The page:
So far, I have taken one person at a time, as a person and not as a group of any sort. It has been a wonderful experience, and after the cool period, there can be great warmth. I am fortunate to not have had BeckyR's experience, as I am aware of it, and it certainly would have clouded or slanted my view on things. She was dealing with a nasty, hateful, spiteful old biddy (biddy is not the word I am actually thinking, but for board purposes....). I am also glad that I have some very warm relationships to offset any nastiness that might ever arise in the future.
Am looking forward to see how this unfolds, and thank you to EVERYBODY for keeping this a really great conversation and not letting it slide.
Seems to me that hip"CRIP" is a play on the word cripple.....so its ok when you use it but not someone else????
You are absolutely right, Marcus.
Black individuals who refer to themselves as n***** do so to assert control over a word that has historically had negative connotations. White individuals are not welcome to use that word because their use of the word to refer to blacks is the basis for the negative connotation.
Physically impaired individuals may refer to themselves as cripples to assert control over a word that has historically had negative connotations. Those without physical impairments are not welcome to use that word because their use of the word to refer to physically impaired individuals is the basis for the negative connotation.
Actually the blacks that I know DO NOT use the 'N' word. Check out those that use it, rap/hip hop/gansta and you'll definitely see it's not attempt to take control of a word. I doubt if you'd ever hear Kenneth Chennault, Russell Simmons or even Oprah Winfrey use the word.
I think you're being a tad politically correct.
Marcus is straight on, but I'll bet he's not a guy that goes around being politically correct. Makes him okay in my book.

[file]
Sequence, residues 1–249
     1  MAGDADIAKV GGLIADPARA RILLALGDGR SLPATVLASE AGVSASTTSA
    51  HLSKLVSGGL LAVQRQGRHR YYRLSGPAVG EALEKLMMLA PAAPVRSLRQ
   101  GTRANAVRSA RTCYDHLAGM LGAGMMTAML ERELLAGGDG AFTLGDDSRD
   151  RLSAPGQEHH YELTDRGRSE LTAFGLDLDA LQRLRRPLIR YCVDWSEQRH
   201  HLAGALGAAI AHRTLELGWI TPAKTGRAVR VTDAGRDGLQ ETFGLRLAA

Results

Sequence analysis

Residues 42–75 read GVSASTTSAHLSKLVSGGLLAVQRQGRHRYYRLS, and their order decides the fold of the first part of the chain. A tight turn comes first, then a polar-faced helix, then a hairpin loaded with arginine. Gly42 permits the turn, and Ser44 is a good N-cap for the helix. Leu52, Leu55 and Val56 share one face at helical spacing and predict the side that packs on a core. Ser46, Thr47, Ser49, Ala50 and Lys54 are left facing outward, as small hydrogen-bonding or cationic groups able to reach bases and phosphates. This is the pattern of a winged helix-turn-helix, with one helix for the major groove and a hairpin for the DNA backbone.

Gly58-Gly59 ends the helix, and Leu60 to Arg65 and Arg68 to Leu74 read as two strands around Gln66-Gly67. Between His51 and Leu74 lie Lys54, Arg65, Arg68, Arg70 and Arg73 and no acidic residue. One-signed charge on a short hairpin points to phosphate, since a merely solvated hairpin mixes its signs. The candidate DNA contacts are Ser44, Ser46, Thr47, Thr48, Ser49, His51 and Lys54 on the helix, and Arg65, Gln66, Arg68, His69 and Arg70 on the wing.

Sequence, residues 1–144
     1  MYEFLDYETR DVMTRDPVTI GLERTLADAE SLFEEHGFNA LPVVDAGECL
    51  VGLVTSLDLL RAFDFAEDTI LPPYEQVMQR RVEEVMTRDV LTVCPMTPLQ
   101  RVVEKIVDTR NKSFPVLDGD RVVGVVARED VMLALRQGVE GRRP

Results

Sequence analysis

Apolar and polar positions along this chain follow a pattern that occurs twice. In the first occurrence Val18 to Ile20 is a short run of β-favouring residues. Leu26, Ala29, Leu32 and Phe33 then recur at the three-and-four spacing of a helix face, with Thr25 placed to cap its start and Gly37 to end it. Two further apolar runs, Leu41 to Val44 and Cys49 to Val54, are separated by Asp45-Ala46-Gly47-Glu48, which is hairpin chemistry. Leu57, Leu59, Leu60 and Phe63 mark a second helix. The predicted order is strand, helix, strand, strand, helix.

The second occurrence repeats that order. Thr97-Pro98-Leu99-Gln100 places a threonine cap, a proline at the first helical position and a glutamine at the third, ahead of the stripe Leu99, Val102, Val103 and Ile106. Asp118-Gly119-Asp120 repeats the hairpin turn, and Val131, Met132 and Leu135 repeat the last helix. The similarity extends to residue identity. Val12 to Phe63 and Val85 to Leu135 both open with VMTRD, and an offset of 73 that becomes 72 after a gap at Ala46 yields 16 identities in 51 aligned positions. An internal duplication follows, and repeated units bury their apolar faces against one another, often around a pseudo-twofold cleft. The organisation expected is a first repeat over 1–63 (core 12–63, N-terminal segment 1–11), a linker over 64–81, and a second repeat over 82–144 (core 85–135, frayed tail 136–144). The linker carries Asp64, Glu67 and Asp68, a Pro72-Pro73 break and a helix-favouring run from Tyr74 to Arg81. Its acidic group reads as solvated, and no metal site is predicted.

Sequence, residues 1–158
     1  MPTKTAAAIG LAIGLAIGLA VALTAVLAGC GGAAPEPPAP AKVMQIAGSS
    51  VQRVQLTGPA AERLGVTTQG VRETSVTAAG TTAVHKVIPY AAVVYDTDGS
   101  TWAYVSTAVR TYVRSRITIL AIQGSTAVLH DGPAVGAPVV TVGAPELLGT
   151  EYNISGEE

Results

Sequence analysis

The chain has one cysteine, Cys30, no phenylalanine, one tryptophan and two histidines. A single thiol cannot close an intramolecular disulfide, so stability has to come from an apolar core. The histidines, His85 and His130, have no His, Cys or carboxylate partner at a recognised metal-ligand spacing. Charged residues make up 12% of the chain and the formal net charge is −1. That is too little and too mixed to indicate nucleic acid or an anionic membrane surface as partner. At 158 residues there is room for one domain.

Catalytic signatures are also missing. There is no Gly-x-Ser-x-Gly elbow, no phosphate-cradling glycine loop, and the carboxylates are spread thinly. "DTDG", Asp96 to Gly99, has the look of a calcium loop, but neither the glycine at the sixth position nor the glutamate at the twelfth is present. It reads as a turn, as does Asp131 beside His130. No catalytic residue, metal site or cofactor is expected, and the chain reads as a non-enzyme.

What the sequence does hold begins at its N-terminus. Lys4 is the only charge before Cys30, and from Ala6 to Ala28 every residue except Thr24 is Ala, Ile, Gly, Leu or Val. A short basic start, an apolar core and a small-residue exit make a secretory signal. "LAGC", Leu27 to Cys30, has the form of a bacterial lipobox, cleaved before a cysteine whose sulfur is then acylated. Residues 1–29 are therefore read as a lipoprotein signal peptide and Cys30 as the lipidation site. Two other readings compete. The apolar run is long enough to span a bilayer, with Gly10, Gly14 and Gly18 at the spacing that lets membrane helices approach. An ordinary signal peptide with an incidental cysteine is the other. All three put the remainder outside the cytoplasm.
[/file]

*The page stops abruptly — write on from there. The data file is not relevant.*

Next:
So has anyone noted that Hip Crip has not weighed in for more than 6 weeks? Lighten up folks - this is one seriously ill person....why don't we worry more about what has happened with HC than dragging up an old post...Marcus, Promoguy - sorry, you came to the party a little too late...
Actually I've been at the party, but unfortunately without a date.
My comments were directed at a comment on the controllability (sic) of a word. Maybe HipCrip's computer isn't working and that's why there hasn't been a post.
Dan and I were just wondering what had happened to Hip Crip.
When Penny doesn't post, it almost always means she can't because she is ill. I hope she's back with us soon.
Every newbie and longterm resident that I have met, has stories of locals being rude to them-myself included. I knew racism and inefficiency could or would be new problems in my new life. So for me it's about not having expectations. When I go to the bank I expect it will take an hour. If I fly through the line in fifteen minutes I'm thrilled. I always say my Good bla bla blas... and don't expect anything back. If they smile and greet me back I am delighted. If someone buds in front of me in line, I let them know I was next. It works for me, it's the way I deal with the new issues in my new life. Every place you live has its problems and issues. Besides does "paradise" really exist?
I guess we're lucky. We don't live on island, but own a condo and have spent a total of 12 weeks in 4 trips. So far we have NOT encountered any rude locals. In fact twice when in line at the store with only a couple of things, a local let us go ahead of them.
I'm sure that there are unpleasant people out there, it's just our good fortune that we haven't met them yet.